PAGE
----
Monday 18th September 2017 @ 09:45 by Mark Phillip

Two short years ago the last balls in the long and proud history of two of the oldest local cricket leagues in the country had just been bowled.   Centred around the Oldham; Rochdale and Tameside areas the Central Lancashire and Saddleworth Leagues had provided between them 242 seasons of competitive cricket; featured some of the truly great names of the game; and had provided countless opportunities for men, (and latterly women), to participate in the “summer game”.

Many in the area saw it as a sad day that this legacy was to disappear.  But equally no one was in any doubt that the halcyon days of league cricket had long gone.  The greats of Test cricket who had for many years spent their off-seasons pro’ing in the leagues were now being attracted into the County game, as qualification restrictions were relaxed, and latterly the growth of T20 competitions have offered eye-watering contracts.  At the same time, social and demographic changes; greater mobility and increasing calls on time have led to weekend cricket being a far less attractive proposition.  For a number of years, it had become increasingly evident that to maintain local league cricket changes were necessary.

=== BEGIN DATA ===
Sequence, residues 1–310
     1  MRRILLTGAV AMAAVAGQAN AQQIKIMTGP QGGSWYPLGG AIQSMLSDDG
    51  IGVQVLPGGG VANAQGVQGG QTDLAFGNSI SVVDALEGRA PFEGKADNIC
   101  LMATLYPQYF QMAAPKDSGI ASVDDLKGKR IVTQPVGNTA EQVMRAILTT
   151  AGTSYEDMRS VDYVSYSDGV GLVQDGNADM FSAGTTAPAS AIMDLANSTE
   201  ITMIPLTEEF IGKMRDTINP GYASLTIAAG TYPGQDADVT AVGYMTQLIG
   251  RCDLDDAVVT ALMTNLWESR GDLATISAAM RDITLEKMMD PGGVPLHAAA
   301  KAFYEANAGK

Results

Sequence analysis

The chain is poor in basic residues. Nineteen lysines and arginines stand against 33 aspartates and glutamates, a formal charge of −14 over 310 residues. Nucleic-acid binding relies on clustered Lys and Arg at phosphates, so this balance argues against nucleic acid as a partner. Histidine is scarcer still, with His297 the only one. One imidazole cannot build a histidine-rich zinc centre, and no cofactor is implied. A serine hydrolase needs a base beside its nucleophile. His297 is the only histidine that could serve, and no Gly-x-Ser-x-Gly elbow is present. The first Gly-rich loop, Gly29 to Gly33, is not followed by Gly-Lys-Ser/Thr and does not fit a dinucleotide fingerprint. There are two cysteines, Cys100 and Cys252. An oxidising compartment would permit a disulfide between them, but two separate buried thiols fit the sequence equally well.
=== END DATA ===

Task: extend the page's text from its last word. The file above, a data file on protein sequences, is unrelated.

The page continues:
The catalyst for the disappearance of the SDCL and CLL was the formation of the Greater Manchester League, (GMCL).  Essentially driven by the Lancashire Cricket Board, (LCB), it was designed to restructure league cricket in the wider Greater Manchester area, and to provide a hierarchy which allowed for a whole range of competition from elite level through to recreational cricket, and at the same time to enable clubs to develop and provide the maximum opportunity for involvement in the game.  Clubs in the SDCL and CLL were invited to be a part of this and a lot of thought was given.  Whilst 7 clubs elected to make a move it is fair to say when the GMCL proposals came out, they didn’t meet with the wholehearted support of the majority of CLL members and a significant number from the Saddleworth League. Jon Henderson, a player for 26 years, mainly at Rochdale, explained at the time: “The CLL and SDCL both have fantastic traditions. Competitive league cricket has been a strong feature on the eastern side of the Greater Manchester area, around Tameside; Oldham and Rochdale, and there’s a lot of experience we didn’t want to lose”.